On entering the boathouse they will find that lights that were definitely switched off the previous evening have mysteriously been turned on over night, while books have been knocked off the shelves and, on occasions, pictures have been lifted off the walls and placed on the opposite side of the upstairs room.
The picturesque setting of this landmark amidst rolling wild mountain scenery cannot be bettered.
The steep stone steps that descend into a deep ravine where foaming white waters roar through the gorge, where trees cling to the sheer moss covered rock face.
Looking up from the cool shade of the gorge three picturesque bridges span three hundred or so feet above the twisting foaming waters of the river.
A twisting path descends into the caverns of this breathtaking gorge.
In this magical mysterious ravine you can gaze up at the three picturesque bridges that cross the ravine and it doesn’t take a great leap of the imagination to picture the devil’s work at this awe inspiring spot for the building of the first bridge is attributed in legend to Old Nick himself.
Long before any bridge spanned this spot an old woman lost her cow and went out to search for the roving beast. Her heart sank when she saw it on the other side of the river.
But suddenly the devil appeared on the scene and offered to build her a bridge on condition that he could claim the body and soul of the first to cross over it.
The woman agreed and the devil set to work.
Once the bridge was completed the devil waited for the woman to cross his bridge to retrieve her cow and forfeit her soul. But she proved a more than worthy adversary and threw a crust of bread over the bridge, whereupon her dog chased after it to retrieve the morsel, the devil had his person and she was safe to follow to retrieve her bovine trophy.
Castell ‘Y’ Bere
Its stunning location surrounded by moody grey mountains on a lonely road, a rocky path twists alongside a precarious pathway that brings you to the rocky spur on which the rugged ruins of the castle stand dappled in strange twisting.
The castle was begin in 1221 and over the years ownership switched between the welsh princes and the English adversaries before apparently being abandoned in around 1294.
Some nights as the sun sets over the surrounding hills people have spoken of a solitary figure that stands motionless on the ruined ramparts of this once mighty fortress.
As though watching and waiting for some long forgotten reason until the last rays of daylight sink behind the mountains he slowly melts away as the night descends across this lonely countryside.
In 1780 an elderly spinster arrived at the soaring red sandstone walls of Powis Castle, where she hoped to earn a little money spinning hemp and flax for the household. The Earl and his family were away in London, but the steward and small detachment of servants seemed more than happy to give the old lady employment, and even offered her a free nights accommodation.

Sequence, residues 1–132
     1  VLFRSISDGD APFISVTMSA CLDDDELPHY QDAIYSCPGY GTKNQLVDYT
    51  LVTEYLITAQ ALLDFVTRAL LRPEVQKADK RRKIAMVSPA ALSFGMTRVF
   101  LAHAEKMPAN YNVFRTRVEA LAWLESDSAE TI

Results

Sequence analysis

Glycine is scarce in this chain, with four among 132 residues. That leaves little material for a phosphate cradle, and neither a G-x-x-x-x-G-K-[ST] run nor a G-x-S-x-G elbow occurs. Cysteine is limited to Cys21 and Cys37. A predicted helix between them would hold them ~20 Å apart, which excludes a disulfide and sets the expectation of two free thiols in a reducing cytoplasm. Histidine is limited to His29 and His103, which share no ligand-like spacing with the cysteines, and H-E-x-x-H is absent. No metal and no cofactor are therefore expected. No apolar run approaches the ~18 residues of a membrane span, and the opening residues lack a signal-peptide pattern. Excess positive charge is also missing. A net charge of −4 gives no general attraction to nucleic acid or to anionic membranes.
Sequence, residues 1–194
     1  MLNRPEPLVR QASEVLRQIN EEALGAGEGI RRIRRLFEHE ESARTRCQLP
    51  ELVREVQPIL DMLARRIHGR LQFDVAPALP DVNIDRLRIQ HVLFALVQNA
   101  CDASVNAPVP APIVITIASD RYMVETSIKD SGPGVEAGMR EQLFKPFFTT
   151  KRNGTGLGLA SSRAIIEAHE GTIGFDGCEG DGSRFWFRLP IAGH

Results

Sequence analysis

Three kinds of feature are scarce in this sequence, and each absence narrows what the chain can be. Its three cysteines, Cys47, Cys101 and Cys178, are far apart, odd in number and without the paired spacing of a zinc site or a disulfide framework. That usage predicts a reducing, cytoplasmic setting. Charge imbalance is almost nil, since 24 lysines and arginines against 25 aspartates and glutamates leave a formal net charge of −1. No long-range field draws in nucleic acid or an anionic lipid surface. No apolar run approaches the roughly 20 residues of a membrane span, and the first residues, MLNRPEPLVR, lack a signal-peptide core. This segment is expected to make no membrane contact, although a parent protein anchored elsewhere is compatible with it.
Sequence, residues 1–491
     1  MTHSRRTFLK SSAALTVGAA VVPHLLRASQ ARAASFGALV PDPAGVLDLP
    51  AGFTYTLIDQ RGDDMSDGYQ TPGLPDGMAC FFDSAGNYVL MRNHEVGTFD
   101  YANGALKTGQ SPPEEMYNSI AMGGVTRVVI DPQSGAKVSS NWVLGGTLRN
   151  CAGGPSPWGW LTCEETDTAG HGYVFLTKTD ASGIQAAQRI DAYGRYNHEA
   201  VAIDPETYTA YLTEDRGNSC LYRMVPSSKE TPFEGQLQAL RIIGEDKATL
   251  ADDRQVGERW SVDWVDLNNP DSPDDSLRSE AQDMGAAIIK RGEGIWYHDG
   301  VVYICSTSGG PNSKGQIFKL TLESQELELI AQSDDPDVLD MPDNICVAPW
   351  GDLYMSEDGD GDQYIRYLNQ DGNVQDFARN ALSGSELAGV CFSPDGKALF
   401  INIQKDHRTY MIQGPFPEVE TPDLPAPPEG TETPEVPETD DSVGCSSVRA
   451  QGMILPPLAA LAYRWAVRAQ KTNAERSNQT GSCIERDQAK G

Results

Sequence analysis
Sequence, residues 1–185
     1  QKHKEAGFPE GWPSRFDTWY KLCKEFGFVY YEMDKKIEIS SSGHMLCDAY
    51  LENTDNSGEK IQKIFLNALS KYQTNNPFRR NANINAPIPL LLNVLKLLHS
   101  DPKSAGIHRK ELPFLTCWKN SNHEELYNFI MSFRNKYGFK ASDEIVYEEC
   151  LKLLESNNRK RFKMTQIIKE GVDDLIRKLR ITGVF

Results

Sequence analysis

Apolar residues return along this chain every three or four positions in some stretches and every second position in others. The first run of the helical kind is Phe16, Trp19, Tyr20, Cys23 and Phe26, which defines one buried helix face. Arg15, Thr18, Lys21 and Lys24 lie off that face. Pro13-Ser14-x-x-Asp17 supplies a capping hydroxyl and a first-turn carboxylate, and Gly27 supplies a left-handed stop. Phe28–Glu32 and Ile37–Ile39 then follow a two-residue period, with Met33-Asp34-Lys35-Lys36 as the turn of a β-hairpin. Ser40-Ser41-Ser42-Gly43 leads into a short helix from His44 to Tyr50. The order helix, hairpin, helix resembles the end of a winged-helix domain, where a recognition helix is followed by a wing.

What the poor woman didn’t realise was that they intended to enjoy a little spooky sport at her expense, by putting her in a bedroom that was known to be haunted.
As the door closed behind them, she was a little perturbed to hear it being locked from the outside.
But any fears she may have had, were soon dispelled by the sheer opulence of the room and, reasoning that they probably hadn’t wanted a stranger wandering the castle at night, the woman sat by the fire, and began reading her bible.
Moments later she heard the door open and, turning round, saw a man in a gold-laced suit enter the room and cross to the window, where he proceeded to gaze out into the night.
A little time later he turned and, without uttering a word, left the room.
Something about her mysterious visitor convinced the woman that he was not of this world and, kneeling down, she begged God to protect her.
Suddenly, the door opened again and the stranger drifted silently back into the room. This time, emboldened by her prayers, the spinster confronted the phantom, "who are you and what do you want?" she demanded. The man motioned her to pick up a candle and follow him. He led her to a small room and, stooping down, lifted one of the floorboards to reveal a locked casket underneath. He then showed her a crevice in the wall where its key was concealed. "Both must be taken out and sent to the Earl in London," he informed her. "Do this and I will trouble the house no more." With that, he turned and walked from the room.
The old woman, who given the prank that the servants had evidently played on her could be forgiven for wishing them to be as troubled as possible, appears to have been willing to let bygones be bygones. Rousing the servants, she told them what had happened.
A quick search soon revealed the hidden key and casket, both of which were despatched to their master in London.
Although he never revealed the contents, the Earl was so delighted that he provided for the woman from that day forth she never again wanted for any creature comfort or treat.
The ghosts mission was evidently accomplished, for he has never since returned to the castle which, despite possessing a veritable labyrinth of creepy, dark corridors and tapestry hung rooms, is more than content to let board- lifting phantoms remain firmly in its past.